Starting as a scientific diver and volunteer public safety diver in the 1980’s, Faith became a technical diver and dive store owner in MA before joining DUI’s sales team.  She worked with DUI to develop some of the first women’s dry suits and created DUI’s DemoTour and DiveOps Programs, which promoted local diving and education about dry suits. With thousands of dives over her 40-year diving career, she has led expeditions to all 7 continents and all 5 oceans including both poles.  She now devotes all her energy to her new company Blue Green Expeditions, running guided expeditions to unique destinations.

Faith Ortins

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Over the River …and Deep Underground!

Let’s dive into the Floridan aquifer for a behind the scenes look at cave diving with famed cinematographer and director, Tom Fitz. We will emerge in the Rainbow River and drift down this pristine ecosystem following two turtle scientists who study these ancient creatures as indicators of the river’s health.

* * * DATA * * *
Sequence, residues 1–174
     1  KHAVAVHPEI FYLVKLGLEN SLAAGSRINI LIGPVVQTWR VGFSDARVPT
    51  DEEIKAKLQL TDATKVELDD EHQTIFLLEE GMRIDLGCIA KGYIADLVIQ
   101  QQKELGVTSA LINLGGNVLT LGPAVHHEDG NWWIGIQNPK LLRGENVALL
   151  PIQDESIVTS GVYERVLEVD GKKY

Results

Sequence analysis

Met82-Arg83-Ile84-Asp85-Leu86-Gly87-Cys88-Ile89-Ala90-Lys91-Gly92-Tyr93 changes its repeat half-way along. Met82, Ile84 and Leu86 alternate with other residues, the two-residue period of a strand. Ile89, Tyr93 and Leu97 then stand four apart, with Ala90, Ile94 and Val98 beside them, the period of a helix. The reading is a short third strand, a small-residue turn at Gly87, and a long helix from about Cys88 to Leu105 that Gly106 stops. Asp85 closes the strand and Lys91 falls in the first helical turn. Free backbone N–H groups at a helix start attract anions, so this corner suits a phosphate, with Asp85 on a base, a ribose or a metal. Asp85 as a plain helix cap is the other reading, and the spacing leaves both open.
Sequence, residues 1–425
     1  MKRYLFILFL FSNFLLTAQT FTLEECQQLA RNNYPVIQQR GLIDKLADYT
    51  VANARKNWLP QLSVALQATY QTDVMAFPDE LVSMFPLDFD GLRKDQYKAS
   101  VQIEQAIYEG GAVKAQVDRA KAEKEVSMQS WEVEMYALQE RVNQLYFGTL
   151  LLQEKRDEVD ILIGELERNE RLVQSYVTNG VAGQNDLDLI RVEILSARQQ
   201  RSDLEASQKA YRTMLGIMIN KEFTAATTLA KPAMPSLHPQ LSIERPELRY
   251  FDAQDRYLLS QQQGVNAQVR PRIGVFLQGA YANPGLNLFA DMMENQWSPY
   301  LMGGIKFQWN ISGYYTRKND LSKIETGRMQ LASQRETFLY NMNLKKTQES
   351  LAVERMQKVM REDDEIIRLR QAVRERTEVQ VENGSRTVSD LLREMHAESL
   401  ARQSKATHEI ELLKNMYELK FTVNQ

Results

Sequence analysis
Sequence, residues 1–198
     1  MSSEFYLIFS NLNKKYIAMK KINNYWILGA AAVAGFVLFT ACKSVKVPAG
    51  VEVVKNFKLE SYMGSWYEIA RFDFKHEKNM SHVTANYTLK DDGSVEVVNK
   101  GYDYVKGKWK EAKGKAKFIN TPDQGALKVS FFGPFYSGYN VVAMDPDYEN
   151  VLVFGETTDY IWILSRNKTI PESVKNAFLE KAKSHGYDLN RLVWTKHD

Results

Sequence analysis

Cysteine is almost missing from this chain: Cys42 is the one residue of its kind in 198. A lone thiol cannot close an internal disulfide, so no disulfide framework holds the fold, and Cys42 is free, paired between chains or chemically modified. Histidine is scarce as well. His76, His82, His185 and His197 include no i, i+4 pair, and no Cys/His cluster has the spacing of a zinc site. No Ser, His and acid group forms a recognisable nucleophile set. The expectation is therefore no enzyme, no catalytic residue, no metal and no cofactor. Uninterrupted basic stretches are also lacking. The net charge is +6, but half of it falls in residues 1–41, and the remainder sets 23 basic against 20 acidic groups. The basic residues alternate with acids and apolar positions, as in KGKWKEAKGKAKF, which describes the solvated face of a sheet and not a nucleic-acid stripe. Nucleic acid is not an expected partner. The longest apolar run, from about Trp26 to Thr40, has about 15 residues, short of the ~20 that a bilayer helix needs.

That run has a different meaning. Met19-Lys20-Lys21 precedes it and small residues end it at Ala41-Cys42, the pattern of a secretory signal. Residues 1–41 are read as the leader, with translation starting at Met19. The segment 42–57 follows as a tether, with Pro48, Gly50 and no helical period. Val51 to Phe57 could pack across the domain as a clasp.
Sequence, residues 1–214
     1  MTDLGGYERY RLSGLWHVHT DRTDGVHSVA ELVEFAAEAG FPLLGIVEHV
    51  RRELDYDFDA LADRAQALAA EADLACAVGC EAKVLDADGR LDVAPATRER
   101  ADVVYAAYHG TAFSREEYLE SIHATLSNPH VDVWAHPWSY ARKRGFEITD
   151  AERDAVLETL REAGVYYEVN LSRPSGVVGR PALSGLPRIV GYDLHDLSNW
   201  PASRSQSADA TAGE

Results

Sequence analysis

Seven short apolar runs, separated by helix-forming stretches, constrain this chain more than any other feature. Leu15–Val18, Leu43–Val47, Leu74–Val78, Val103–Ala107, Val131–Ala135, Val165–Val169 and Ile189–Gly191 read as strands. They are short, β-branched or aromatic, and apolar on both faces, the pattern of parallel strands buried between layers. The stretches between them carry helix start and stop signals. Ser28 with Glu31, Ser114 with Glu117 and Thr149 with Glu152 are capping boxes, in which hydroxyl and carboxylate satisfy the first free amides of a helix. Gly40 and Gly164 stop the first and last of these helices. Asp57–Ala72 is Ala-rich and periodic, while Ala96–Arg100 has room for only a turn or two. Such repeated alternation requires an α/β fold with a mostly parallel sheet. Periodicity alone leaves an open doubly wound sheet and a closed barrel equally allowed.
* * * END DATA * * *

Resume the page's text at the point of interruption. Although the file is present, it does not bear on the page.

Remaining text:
Presented by:
Amy Giannotti

Amy Giannotti is a marine ecologist and proudly represents Schoolyard Films as their Director of Development. She has extensive experience in freshwater and marine environments, including underwater caves and problems with invasive species. Amy has a B.S. in biology from Marietta College and a M.S. in environmental sciences from the University of Virginia. During her career she has initiated many educational and outreach programs for youth, including a variety of projects related to the preservation of cave, karst, groundwater, and marine systems in these regions. Schoolyard Films produces high-end nature and wildlife documentaries for K-12 youth that are accessible to all and FREE!

Amy Giannotti

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REEF Volunteer Fish Survey Project

Divers and snorkelers participate in citizen science and contribute to the REEF Volunteer Fish Survey Project. This presentation will show how to use the REEF website to submit data from roving diver surveys of fish and invertebrates.